Thirty Three Jones

Home Interviews Reviews Artists Desktop Subscribe

Snoop Dogg - Blue Carpet Treatment:

While Snoop Dogg's Doggystyle was a classic album, I can't say that I've been a big fan of any of the albums he's put out since then. Snoop has released some great singles, but he's never put out an entire album that was as good, start to finish, as his debut. While he's continued to find solid production for his releases, recently benefiting from his friendship with the Neptunes, his lyrical ability has dropped off steadily. Whether its from smoking too much weed or just laziness and over reliance on "izzle" catchphrases, Snoop has never matched the creativity that he showed on Doggystyle. With a new release on the horizon, The Blue Carpet Treatment, early talk has been that this would mark a return to the lyricism that won him fans on both coasts. Going into this review, I had my doubts, but let's see how it turned out:

Snoop tells us that this album is about to become the 8th Wonder of the World. Probably not, but good to see Snoop maintains his self confidence.

Think About It:
The first real song on the album opens up with Snoop D-O-Double braggadociosly rapping over a laid back jazz sample, with his signature flow matching the tempo of the track. Not a bad way to open up the album.

Well, it was only a matter of time before we got to a song with Nate Dogg on it. I would have liked to get a few more tracks into the album before hearing Nate sing a hook, but he's not too distracting here. Snoop warns us that if you thought "you were getting through California without getting banged on, brother you were wrong." This song is ok, but I personally have a hard time listening to a 30 something millionaire rap about gang banging.

You may have heard this collaboration with Cypress Hill's B Real a couple of months ago, when it was getting passed around the internet like a joint at one of Snoop's ciphers. Sorry, I had to make at least one weed reference on a Snoop Dogg album review. Anyway, the beat here is produced by the Neptunes, and its strong enough to overcome the nasally-challenged voice of B Real. Snoop has said the purpose of this song is to promote unity among the browns and the blacks, which is a good message for the lil' vatos out there, but its a bit ironic on an album where many of the songs promote the gang war between the crips and the bloods.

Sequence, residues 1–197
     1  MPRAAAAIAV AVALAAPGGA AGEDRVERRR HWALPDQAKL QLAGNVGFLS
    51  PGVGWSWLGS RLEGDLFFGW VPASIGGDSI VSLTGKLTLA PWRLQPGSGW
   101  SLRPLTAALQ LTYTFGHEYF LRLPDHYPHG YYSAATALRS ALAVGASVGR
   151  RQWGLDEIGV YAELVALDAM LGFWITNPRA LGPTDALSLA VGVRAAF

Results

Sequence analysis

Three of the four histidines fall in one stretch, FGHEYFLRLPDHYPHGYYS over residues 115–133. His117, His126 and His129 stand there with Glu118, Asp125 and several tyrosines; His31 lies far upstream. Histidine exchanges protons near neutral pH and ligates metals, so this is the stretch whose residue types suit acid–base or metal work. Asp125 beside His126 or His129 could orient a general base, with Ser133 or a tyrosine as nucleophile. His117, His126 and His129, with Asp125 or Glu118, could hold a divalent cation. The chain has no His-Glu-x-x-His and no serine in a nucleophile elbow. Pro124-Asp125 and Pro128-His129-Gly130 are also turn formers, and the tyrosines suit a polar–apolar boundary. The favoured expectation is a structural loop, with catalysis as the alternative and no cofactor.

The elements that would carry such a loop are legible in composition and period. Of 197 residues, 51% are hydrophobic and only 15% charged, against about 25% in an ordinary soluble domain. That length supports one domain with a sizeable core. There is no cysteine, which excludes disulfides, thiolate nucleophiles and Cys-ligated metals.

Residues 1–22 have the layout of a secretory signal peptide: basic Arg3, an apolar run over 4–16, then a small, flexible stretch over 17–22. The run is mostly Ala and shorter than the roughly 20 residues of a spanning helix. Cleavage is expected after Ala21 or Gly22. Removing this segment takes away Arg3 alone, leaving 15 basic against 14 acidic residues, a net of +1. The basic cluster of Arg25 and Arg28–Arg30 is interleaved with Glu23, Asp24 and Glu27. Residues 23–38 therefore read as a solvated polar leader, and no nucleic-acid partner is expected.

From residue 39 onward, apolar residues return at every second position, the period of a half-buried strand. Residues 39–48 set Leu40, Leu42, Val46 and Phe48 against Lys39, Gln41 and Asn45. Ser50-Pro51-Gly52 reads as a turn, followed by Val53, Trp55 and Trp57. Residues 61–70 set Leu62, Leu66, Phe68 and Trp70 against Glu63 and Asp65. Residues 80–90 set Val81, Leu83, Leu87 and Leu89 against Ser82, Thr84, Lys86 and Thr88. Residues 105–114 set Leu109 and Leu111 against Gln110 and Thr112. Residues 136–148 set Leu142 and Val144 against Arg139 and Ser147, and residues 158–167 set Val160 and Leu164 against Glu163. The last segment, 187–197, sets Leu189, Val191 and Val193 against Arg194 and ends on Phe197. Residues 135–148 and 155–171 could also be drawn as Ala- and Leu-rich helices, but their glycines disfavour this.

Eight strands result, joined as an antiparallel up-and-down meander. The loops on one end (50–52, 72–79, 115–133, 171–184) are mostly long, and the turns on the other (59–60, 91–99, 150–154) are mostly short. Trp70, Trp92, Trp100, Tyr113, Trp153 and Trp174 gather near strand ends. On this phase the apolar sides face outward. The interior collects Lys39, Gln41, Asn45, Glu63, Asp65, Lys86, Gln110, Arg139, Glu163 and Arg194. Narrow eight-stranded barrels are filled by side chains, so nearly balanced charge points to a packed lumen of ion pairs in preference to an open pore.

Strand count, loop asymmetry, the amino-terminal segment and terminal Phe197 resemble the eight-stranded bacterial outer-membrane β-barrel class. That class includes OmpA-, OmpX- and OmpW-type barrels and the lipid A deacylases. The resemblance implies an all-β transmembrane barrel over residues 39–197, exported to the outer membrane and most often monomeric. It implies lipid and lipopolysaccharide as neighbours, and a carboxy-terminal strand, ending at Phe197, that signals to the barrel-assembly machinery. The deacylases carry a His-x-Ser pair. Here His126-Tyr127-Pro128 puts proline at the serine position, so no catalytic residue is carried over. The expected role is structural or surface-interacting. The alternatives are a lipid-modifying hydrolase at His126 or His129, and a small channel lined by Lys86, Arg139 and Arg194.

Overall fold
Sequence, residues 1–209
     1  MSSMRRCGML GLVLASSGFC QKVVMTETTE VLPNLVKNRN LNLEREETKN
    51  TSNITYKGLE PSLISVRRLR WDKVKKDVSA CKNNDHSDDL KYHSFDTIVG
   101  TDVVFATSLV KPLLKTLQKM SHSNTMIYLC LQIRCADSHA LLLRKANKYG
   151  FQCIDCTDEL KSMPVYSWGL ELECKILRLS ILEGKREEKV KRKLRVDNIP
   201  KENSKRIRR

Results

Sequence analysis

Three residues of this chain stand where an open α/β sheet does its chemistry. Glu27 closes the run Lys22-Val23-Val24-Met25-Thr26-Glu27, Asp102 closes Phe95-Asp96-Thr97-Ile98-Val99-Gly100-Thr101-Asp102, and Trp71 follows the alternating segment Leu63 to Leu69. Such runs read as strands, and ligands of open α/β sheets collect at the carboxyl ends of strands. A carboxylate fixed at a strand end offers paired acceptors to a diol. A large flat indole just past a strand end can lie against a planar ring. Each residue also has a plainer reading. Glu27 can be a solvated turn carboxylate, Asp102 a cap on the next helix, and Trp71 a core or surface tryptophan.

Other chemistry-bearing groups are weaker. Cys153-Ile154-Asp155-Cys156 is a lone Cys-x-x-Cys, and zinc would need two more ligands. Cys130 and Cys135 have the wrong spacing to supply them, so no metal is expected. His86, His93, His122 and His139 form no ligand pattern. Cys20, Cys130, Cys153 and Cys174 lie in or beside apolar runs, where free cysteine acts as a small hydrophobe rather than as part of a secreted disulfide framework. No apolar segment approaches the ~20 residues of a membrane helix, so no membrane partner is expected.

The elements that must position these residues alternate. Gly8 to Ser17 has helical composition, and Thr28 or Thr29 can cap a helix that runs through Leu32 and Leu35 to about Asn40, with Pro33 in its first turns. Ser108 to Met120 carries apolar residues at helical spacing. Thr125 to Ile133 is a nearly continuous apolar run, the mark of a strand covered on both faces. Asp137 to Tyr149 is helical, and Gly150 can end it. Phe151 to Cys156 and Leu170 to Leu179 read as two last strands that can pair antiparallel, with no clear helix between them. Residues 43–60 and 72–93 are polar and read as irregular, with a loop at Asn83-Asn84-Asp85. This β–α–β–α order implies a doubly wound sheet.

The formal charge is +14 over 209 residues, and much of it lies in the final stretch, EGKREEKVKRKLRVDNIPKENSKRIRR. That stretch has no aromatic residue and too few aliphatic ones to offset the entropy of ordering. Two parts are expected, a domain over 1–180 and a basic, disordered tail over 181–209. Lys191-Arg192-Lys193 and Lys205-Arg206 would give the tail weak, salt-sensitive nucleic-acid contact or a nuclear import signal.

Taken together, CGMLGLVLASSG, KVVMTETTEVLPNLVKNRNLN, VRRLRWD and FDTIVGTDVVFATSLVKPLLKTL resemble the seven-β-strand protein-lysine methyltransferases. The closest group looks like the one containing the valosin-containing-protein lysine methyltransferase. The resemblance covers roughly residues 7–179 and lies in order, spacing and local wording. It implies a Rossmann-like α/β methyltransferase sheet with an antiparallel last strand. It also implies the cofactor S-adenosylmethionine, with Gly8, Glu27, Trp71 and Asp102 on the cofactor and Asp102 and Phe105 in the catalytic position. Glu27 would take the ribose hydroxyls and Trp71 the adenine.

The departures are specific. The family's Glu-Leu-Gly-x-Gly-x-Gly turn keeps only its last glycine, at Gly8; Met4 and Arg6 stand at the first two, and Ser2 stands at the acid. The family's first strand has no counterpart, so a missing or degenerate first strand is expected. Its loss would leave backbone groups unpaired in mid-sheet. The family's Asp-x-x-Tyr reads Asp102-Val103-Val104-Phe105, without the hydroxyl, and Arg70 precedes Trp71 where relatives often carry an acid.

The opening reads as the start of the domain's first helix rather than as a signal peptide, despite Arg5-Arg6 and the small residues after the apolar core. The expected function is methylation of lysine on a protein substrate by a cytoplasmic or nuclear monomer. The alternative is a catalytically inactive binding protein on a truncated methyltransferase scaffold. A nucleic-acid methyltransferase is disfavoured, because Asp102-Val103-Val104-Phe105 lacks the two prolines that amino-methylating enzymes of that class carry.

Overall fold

That's That S***:
Teaming up with R. Kelly, Snoop drops a song for the teenage girls ladies. Even if the beat here was dope (which it isn't), I just can't bring myself to take R. Kelly seriously anymore. At some point around the time of Fat Joe's Fiesta, all of Kells' guest appearances started to sound exactly the same, and That's That S*** doesn't break any new ground for him.

Candy (Drippin' Like Water) featuring Tha Dogg Pound, MC Eiht, Goldie Loc & E-40:
I have to admit, I cringed when the track opened up with E-40. People tell me he's an acquired taste, and I clearly haven't acquired it yet. Snoop and the gang drop references to various candies, presumably a reference to a certain part of the female anatomy that occasionally drips like water, over a fairly minimal beat. The hook has what sounds like an underage girl singing, "You Want It, I Got It," making me feel somewhat dirty for listening to it.

Get A Light:
The track opens up with some dude clowning Suge Knight, then in drops a Timbaland beat. The production on this track almost has too much going on, with some African drums and a sinister sounding guitar note just a part of the overall beat, but Timbaland manages to pull the whole thing together. Damian Marley drops in for about 10 seconds (Damian Marley? On a song about weed? Inconceivable!) and Snoop raps about that good good, but the only thing you'll remember about this track is the beat.

Gangbangin' 101 featuring The Game:
The Game (an alleged Blood) shows up to rap alongside Snoop (an alleged Crip). Can you say "set trippin'?" Not to repeat myself, but its ridiculous to hear wealthy, grown men claim that they're willing to die over the colors of blue and red.

Boss' Life:
Snoop claims that, unlike some other rappers who are perpetrating, he's really "Livin' the Boss' Life." Akon shows up on the track to handle the hook, and I have to wonder how Nate Dogg feels about Akon stealing his whole career.

LAX featuring Ice Cube: